It’s always unfortunate when a game shows a massive amount of promise and ultimately falls short, but in the case of Derrick the Deathfin it’s almost criminal. The game is stunningly beautiful and the amount of care that Different Tuna’s invested into development is evident from the start, but unfortunately the rest of the package doesn’t quite deliver.
Derrick the Deathfin is, according to the studio, “the world’s first underwater papercraft video game,” and you certainly won’t hear any argument from us on that point. You play as the titular Derrick, a young shark whose parents are killed by one of the many atrocities humans have built that are polluting the ocean. Your quest for vengeance sends you to 32 levels spread out over four continents with plenty of things to collect and animals to munch on along the way.
Derrick is definitely one of the more stunning PS3 games in a visual sense; the papercraft style comes across as a blend of LittleBigPlanet and an episode of South Park. Everything in the world bursts with personality due to little touches like Derrick’s trademark indifferent glare, the doofy expressions on the faces of octopi, and the little poofs of construction paper left behind as things are eaten. The backgrounds of the levels fit the theme of each continent as well, providing plenty of variety as far as level design goes. It's an incredible style from top to bottom; we'd like to see Derrick get his own cartoon so we can continue to feast our eyes on more of his stylish world.
The overarching problem is that Derrick the Deathfin isn’t terribly fun to play. The main bulk of the stages involve finding the way to a goal point, with several optional challenges – eating a certain amount of creatures, collecting all the gems in the level, and jumping through giant flaming tires – there to make things interesting along the way. The thing holding it back is Derrick’s hunger meter, which requires a near constant consumption of aquatic life or collection of gems. If the meter hits zero, you’re sent back to the start with nothing to show for it.
Derrick’s levels are meant to be traversed several times – you shouldn’t plan on achieving every goal in one go – and that’s a fine choice to make in game design, as long as it’s rewarding. Unfortunately, so many levels are labyrinths that will require several trips just to reach the goal for the first time, inciting frustration rather than a desire to keep going. Nothing is more exasperating than collecting all the gems in a stage only to come across a long stretch with nothing to eat and losing all of your progress.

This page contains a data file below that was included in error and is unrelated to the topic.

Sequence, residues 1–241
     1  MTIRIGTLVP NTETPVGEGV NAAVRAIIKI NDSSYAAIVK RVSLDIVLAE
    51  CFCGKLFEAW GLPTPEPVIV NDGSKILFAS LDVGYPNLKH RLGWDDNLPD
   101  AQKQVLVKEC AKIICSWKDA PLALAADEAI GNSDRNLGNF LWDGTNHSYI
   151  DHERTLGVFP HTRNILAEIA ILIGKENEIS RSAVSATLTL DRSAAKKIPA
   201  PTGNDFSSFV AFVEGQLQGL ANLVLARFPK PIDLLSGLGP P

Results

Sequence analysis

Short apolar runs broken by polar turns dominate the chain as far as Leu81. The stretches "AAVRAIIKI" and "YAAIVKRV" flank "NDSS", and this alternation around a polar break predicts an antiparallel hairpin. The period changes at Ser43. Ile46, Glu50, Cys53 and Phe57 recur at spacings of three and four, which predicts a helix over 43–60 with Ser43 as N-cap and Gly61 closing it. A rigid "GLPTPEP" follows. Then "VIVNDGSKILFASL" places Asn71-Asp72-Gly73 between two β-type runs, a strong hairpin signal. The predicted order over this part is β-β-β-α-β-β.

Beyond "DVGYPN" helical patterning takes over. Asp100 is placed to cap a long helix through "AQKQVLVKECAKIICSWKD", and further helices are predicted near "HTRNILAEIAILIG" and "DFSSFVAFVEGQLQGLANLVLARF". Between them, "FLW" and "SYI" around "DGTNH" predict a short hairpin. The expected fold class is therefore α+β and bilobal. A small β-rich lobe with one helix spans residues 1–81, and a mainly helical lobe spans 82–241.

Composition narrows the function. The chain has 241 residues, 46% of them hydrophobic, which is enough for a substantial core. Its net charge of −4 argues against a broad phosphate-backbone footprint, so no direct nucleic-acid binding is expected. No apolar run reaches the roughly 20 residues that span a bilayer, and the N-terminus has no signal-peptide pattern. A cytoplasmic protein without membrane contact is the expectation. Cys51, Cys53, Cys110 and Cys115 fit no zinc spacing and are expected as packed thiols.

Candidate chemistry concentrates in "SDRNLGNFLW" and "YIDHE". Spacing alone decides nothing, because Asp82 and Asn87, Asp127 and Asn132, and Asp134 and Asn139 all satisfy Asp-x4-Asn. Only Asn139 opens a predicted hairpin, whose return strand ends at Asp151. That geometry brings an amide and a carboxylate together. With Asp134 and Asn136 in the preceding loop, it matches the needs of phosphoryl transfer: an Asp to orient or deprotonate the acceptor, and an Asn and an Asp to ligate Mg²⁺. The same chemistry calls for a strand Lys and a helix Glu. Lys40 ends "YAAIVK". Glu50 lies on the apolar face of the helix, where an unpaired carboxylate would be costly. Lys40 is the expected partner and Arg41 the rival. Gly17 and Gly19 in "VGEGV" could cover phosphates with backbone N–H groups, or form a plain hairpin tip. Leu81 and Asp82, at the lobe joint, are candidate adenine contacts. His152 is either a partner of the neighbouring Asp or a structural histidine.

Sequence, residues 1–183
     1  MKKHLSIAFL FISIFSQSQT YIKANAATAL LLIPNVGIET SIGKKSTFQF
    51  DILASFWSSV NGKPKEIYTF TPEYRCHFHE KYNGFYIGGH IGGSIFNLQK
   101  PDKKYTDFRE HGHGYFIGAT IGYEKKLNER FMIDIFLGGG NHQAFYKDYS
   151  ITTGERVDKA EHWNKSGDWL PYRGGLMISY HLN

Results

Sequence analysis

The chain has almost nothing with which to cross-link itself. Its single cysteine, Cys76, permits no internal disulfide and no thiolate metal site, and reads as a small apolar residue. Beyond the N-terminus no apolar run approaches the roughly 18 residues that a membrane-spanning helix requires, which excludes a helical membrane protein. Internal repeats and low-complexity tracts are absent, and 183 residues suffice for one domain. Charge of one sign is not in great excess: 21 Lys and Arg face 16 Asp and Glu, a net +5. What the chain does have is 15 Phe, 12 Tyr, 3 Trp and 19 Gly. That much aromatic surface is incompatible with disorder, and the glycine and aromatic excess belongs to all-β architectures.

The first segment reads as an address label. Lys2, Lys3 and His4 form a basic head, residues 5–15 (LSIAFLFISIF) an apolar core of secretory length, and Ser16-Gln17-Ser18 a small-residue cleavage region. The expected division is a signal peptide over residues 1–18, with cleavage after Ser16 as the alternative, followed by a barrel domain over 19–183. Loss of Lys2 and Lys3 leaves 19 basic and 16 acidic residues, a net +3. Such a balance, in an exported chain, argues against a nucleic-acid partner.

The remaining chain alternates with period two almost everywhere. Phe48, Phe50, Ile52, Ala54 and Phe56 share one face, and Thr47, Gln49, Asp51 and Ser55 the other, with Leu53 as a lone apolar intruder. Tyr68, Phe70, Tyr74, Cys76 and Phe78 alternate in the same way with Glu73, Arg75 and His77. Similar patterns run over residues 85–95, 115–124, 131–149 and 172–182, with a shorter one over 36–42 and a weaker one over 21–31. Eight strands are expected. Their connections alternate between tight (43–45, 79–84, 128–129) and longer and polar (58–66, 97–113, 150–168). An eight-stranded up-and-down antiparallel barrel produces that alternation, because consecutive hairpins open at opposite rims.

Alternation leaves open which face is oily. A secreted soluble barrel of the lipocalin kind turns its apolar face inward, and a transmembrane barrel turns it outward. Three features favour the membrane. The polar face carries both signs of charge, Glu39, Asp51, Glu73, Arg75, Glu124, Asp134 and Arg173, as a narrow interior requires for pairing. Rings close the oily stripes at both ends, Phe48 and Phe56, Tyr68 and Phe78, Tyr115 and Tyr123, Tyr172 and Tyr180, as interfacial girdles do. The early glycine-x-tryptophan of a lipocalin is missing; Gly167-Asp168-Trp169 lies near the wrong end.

This is compounded by the jumping mechanics as well. Derrick is able to leap out of the water, a necessary skill to jump through the flaming tires required to unlock the next continent. While Derrick handles pretty well underwater, the tires require a lot of precision and are very unforgiving. Expect to die often if a tire doesn’t have a food source near it, because after a couple of attempts you’ve essentially robbed yourself of the chance to finish the level.
On a base level, the game is a lot like NiGHTS into Dreams, in that both titles have you making the most of a very short trip through a stage. The big difference between the two, and what makes NiGHTS fun and Derrick frustrating, is that if you screw up, NiGHTS gives you a failing rank on the level but still lets you move on. Derrick forces you to keep replaying until you get it right, with the amount of frustration it instils completely undoing the goodwill and positive feelings that the graphics and setting provide.
There are two other level types that are actually pretty fun, but don’t appear nearly as often as they should. The first are time trial levels that require you to navigate an obstacle course in a set amount of time with the chance to earn gold, silver or bronze medals if target times are hit. As these levels aren’t mazes and only rely on things like tricky jumps or moving obstacles to slow you down, multiple attempts are actually pretty satisfying, because you’re learning something with every try.
The best levels are the ones that have no time limit and give you a puzzle that must be completed to destroy the human’s factories. You’ll be doing things like jumping out of the water to knock a mine off of a structure, then push that mine under an oil drill to blow it up, resulting in a charming papercraft explosion. Being able to take your time and explore to find out what the game wants you to do is far more engaging and rewarding than anything else, but these levels are disappointingly few and far between.
If the game had focused on the other two level types it would have been exponentially more fun. Racing and puzzle solving are far more engaging than fighting an oppressive timer, but the entire experience is dragged down because of it.
Derrick the Deathfin is a real heartbreaker. It’s agonisingly obvious that Different Tuna tried really hard to make something special, and as a player you’re rooting for them – but the base gameplay just isn’t good enough to keep you hooked. If the graphics grab you, then the price is low enough to make this a worthwhile gamble, just don’t dive in with any unrealistic expectations.